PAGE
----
God in His grace had promised His people that He would certainly bring them back (Jer. 29:10), and that He would use Cyrus as His anointed instrument (Isa. 44:28; 45:1–4). When the time came, Cyrus indeed was God’s instrument, issuing a remarkable decree, freeing the Jews to return to their land (2 Chron. 36:22–23; Ezra 1:1–4). The books of Ezra and Nehemiah tell the story of the restoration of God’s people after the exile.
In Ezra 1–6, we learn of the first wave of returnees under the leadership of Zerubbabel and Jeshua, of the first attempts to rebuild the temple, of local opposition to that rebuilding, and of the eventual completion of the temple, over a twenty-five year period (539–515 BC). A gap of more than fifty years followed until the time of Ezra’s return to the land in 458 BC, with a religious commission to teach the Law (Ezra 7–10).
Nehemiah was Ezra’s later contemporary, arriving in Jerusalem in 445 BC. He returned with a political commission as governor, which included authorization to rebuild the walls of Jerusalem. He oversaw this task in the face of fierce opposition (Neh. 1–6), and joined Ezra in a great ceremony of reading the Law and celebrating the Festival of Tabernacles, including a great national confession and a renewing of the covenant (Neh. 8–10).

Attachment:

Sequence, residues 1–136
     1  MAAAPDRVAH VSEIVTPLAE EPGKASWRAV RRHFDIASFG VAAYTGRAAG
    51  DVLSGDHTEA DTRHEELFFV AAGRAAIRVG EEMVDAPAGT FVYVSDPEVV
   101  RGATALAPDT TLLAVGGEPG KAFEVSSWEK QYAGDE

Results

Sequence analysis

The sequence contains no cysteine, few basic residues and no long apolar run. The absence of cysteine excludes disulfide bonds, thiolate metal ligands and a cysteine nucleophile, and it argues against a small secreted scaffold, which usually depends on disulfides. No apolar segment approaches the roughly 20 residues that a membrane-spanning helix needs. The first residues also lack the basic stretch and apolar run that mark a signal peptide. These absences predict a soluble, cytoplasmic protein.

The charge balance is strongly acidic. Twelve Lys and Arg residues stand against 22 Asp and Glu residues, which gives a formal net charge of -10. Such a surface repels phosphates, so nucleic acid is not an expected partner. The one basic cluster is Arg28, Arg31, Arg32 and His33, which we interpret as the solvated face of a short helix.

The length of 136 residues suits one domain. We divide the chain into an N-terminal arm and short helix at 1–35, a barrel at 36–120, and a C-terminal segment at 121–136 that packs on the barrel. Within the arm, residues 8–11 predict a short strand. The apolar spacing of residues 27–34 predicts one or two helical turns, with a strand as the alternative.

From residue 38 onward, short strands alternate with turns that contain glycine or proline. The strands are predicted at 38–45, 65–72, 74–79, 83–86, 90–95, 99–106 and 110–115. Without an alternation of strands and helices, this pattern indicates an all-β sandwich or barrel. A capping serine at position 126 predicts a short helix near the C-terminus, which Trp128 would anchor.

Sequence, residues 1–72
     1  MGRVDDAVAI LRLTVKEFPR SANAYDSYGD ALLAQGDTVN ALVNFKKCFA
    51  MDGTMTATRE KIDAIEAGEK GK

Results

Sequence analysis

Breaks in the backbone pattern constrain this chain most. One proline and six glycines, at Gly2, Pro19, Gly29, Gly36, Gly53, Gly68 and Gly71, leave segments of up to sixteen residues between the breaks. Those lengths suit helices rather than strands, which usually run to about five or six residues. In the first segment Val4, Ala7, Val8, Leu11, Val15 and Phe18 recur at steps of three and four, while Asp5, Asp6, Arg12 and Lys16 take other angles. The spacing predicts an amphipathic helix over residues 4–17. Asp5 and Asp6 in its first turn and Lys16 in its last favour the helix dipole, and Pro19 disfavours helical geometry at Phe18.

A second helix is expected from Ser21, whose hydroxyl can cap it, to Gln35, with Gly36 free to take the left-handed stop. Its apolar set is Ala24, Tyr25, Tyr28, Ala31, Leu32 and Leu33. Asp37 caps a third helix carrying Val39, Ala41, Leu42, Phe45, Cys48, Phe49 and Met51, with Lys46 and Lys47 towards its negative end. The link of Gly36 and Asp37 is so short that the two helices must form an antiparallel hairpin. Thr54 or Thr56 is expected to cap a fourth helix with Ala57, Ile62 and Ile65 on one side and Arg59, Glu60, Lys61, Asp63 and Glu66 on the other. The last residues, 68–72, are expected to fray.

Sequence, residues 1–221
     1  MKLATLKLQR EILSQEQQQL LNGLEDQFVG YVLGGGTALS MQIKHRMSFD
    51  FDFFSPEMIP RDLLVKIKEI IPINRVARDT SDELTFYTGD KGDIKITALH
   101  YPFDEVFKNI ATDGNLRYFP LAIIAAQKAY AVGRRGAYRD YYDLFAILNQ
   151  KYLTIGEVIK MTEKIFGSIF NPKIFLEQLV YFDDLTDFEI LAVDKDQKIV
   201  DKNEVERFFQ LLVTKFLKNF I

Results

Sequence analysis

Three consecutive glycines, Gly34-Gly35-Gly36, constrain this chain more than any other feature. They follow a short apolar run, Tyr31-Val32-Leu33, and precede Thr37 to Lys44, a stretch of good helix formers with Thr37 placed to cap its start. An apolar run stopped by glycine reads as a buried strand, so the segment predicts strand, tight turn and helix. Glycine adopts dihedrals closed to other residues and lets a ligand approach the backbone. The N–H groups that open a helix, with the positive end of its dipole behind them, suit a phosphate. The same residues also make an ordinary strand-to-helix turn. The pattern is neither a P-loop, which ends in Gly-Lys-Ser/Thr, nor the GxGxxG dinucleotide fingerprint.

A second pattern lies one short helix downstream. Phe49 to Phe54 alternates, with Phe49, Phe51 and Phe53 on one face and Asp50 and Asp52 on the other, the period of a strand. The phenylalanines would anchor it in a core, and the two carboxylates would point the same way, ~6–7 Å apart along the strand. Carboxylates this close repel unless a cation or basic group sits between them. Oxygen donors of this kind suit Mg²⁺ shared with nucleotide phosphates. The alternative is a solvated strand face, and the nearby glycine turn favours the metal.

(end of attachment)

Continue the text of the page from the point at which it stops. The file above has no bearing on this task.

In the books of Ezra and Nehemiah, we see joy, optimism, and a strong sense of spiritual purpose. After all, had not God brought His people back in fulfillment of the prophecy to Jeremiah (Ezra 1:1)? The return to the land from Babylon echoed in many ways the earlier return to the land from Egypt, only this time, a spirit of joy and enthusiasm prevailed (see Ezra 1–3). The whole nation pitched in to help, whether in rebuilding the temple (Ezra 1–6), or, later, in rebuilding the walls (Neh. 3), or even in repopulating Jerusalem (Neh. 11).
There was a return to strict adherence to the Law, seen, for example, in the reforms that Ezra and Nehemiah instituted. Both confronted the issue of mixed marriages with foreigners, and both took drastic measures to eradicate all such ties (Ezra 9–10; Neh. 13:23–27). Years before them, the people under Zerubbabel and Jeshua carefully reinstituted sacrifices (Ezra 3). Years later, they publicly read the Law and made confession on the basis of what they had read (Neh. 8–9). The impression is that the people had learned a lesson from the trauma of the exile: if they were going to err in any direction, it was going to be in the direction of being too strict.